In an article in the Guardian last week, Professor Alex ‘Sandy’ Pentland mooted the potential for Google to cleave in two, with one part dedicated to providing a regulated bank-like service for data. Pentland directs the MIT Human Dynamics Lab and co-leads both the Big Data and the Personal Data and Privacy initiatives of the World Economic Forum, and I’m surprised how often his name crops up in my hi:project related research, yet I find it difficult to reconcile his observation here with his fluency in the power of decentralized networks:
Social physics strongly suggest that the [Adam Smith’s] invisible hand is more due to trust, cooperation and robustness properties of the person-to-person network of exchanges than it is due to any magic in the workings of the market. If we want to have a fair, stable society, we need to look to the network of exchanges between people, and not to market competition.
Pentland continues under the heading: How can we move from a market-centric to a human-centric society?
Social physics suggests that the first step is to focus on the flow of ideas rather than on the flow of wealth, since the flow of ideas is the source of both cultural norms and innovation. A focus on improving idea flow, rather than financial flows, will allow individuals to make better decisions and our society to develop more useful behavioral norms. A key insight from social physics is that it is critical that the flow and exchange of ideas be inclusive, because insufficiently diverse idea flow leads to rigid and insular societies, and insular communities often inflict terrible damage on weaker communities with whom they share resources.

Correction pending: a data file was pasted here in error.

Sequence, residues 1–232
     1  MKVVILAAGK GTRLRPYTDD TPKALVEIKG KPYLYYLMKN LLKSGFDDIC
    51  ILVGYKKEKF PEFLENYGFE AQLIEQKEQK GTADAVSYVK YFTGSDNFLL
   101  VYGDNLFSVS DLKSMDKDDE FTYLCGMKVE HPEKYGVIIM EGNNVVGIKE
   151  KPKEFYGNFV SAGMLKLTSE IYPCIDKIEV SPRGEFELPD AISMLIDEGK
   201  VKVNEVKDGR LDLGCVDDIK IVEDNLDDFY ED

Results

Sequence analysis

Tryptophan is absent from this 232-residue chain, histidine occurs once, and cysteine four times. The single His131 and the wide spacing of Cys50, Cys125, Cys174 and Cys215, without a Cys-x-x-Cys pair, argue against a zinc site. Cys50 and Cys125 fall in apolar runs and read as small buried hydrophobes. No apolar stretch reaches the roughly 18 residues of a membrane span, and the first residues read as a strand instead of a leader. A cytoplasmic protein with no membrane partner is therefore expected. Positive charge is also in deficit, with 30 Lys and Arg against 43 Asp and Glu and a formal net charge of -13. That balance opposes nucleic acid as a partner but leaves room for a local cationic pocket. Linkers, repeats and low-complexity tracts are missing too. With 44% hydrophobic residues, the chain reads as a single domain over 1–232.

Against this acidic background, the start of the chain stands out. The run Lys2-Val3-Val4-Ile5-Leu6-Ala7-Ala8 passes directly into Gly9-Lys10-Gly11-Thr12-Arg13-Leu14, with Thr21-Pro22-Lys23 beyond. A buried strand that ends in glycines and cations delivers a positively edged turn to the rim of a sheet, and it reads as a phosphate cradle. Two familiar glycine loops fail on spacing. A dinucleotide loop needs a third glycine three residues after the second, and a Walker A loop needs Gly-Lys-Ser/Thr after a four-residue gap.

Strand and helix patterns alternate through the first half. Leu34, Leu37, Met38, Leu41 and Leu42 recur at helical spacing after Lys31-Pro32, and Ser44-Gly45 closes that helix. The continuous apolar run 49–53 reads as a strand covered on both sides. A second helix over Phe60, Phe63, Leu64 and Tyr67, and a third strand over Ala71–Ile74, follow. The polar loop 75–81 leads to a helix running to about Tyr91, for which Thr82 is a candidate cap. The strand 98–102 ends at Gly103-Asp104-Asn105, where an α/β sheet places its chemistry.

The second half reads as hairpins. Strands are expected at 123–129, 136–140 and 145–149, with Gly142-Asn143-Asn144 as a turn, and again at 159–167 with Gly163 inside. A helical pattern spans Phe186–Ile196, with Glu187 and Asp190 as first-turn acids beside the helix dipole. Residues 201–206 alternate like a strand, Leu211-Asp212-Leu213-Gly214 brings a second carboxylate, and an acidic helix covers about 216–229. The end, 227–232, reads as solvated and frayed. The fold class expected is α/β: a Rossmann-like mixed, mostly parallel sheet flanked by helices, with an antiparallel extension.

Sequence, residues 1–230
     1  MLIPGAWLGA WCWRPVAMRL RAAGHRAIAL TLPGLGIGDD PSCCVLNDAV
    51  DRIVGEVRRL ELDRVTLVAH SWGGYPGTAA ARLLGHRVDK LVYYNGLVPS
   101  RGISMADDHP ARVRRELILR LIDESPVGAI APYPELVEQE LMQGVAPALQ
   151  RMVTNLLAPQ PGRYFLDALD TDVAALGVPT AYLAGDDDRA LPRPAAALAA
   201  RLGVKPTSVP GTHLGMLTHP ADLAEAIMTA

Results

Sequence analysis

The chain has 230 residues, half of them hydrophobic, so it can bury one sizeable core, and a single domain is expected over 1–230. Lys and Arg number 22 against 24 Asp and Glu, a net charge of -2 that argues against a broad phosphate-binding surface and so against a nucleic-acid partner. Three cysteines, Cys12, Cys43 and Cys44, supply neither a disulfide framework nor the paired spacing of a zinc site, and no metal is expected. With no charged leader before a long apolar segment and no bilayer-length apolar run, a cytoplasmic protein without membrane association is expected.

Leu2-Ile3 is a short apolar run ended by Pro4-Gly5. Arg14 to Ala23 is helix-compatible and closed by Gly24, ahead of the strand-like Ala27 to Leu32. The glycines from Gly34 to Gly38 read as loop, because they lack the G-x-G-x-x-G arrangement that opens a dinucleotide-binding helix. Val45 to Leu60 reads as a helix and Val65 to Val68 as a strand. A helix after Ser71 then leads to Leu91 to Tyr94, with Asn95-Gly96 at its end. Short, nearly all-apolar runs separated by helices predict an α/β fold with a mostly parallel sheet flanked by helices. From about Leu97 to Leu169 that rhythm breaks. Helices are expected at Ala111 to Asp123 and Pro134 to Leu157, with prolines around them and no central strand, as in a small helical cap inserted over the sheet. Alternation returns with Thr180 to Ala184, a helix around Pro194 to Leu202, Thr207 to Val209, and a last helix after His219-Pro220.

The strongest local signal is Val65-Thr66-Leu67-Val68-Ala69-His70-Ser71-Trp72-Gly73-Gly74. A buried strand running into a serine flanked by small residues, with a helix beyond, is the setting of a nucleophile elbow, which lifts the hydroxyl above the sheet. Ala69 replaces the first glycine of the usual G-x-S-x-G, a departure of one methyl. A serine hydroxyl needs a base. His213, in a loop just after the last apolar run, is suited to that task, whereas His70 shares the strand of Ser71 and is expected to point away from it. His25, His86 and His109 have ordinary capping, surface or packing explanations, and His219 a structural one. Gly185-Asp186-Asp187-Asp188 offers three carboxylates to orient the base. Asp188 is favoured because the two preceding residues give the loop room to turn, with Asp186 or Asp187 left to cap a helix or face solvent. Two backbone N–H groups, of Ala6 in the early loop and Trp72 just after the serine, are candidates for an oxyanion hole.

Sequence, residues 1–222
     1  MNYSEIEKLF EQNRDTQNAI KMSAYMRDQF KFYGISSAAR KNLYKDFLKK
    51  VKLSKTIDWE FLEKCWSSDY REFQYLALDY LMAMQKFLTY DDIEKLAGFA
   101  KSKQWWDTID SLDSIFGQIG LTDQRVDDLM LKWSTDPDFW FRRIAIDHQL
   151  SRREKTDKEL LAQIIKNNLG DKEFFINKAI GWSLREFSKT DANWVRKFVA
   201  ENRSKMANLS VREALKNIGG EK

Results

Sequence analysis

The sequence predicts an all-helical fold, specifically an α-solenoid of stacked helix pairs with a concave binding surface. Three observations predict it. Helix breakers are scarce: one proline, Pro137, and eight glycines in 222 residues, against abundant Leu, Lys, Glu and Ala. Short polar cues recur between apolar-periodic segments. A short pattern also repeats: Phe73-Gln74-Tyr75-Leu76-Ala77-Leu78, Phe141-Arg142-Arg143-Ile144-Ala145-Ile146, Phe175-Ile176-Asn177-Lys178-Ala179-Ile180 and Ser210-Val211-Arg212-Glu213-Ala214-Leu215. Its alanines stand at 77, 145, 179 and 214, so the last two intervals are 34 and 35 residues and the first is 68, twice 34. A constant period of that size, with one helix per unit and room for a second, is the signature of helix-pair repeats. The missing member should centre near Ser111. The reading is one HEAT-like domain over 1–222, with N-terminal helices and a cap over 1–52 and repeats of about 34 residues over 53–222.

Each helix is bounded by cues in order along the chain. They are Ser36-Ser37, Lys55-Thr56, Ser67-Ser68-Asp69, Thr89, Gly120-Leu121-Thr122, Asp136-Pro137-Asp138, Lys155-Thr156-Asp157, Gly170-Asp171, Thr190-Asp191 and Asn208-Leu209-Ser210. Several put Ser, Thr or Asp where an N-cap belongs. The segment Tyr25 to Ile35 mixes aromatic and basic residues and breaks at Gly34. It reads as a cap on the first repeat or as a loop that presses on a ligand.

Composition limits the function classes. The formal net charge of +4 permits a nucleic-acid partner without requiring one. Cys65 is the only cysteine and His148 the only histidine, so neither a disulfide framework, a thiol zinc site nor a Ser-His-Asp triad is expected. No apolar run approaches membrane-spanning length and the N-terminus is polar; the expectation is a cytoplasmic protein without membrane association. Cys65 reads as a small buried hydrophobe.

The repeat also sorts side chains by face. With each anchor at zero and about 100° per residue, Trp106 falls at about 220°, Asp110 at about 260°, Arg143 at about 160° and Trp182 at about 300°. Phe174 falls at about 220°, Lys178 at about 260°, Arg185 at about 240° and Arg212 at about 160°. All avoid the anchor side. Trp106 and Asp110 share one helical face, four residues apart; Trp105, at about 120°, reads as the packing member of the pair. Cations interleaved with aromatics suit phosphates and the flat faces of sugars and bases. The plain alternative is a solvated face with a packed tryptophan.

Having written about influence flows in my 2011 book, I couldn’t agree more with this observation. I find myself wondering why then Pentland might resign himself to such a centralizing vista as a Google data bank? Is such continued centralization so unavoidable? Are banks in the monetary sense so successful, so resistant to decentralization, as to provide a valid model for data?
Apple’s news this month provides an interesting example for discussion.
Asked in the Guardian article whether Apple may be up for something similar, Pentland responds:
Apple is extraordinarily non-transparent and they would have potentially a lot of difficulty.
Earlier this month, Apple announced ResearchKit:
Medical researchers are doing some of the most important work in the world, and they’re committed to making life-changing discoveries that benefit us all. To help, we’ve created ResearchKit, an open source software framework that makes it easy for researchers and developers to create apps that could revolutionize medical studies, potentially transforming medicine forever.
In other words, Apple is transforming the iPhone and imminent Apple Watch into sources of real-time, continuous data streams for medical research. ResearchKit sits on the previously announced HealthKit:
HealthKit allows apps that provide health and fitness services to share their data with the new Health app and with each other. A user’s health information is stored in a centralized and secure location and the user decides which data should be shared with your app.
Apple is then ticking some of those important boxes. User decides what? Tick. User decides who? Tick. Secured and hidden from Apple’s eyes and ears? Tick. Now let’s run it by the transdisciplinary perspectives of some hi:project members – in terms of quantified self, health data and the internet of things.
Quantified Self (QS)
Adriana Lukas, founder and organiser of London Quantified Self group:
It is indisputable that analysis of aggregate health data is beneficial. We could argue whether it is the most effective way of helping the individual – it may be that aggregation of individual insights [ie, post-analysis] would arrive at fundamental innovation in health and wellbeing faster, and therefore we need to provide individuals with the capabilities for uncovering such insights.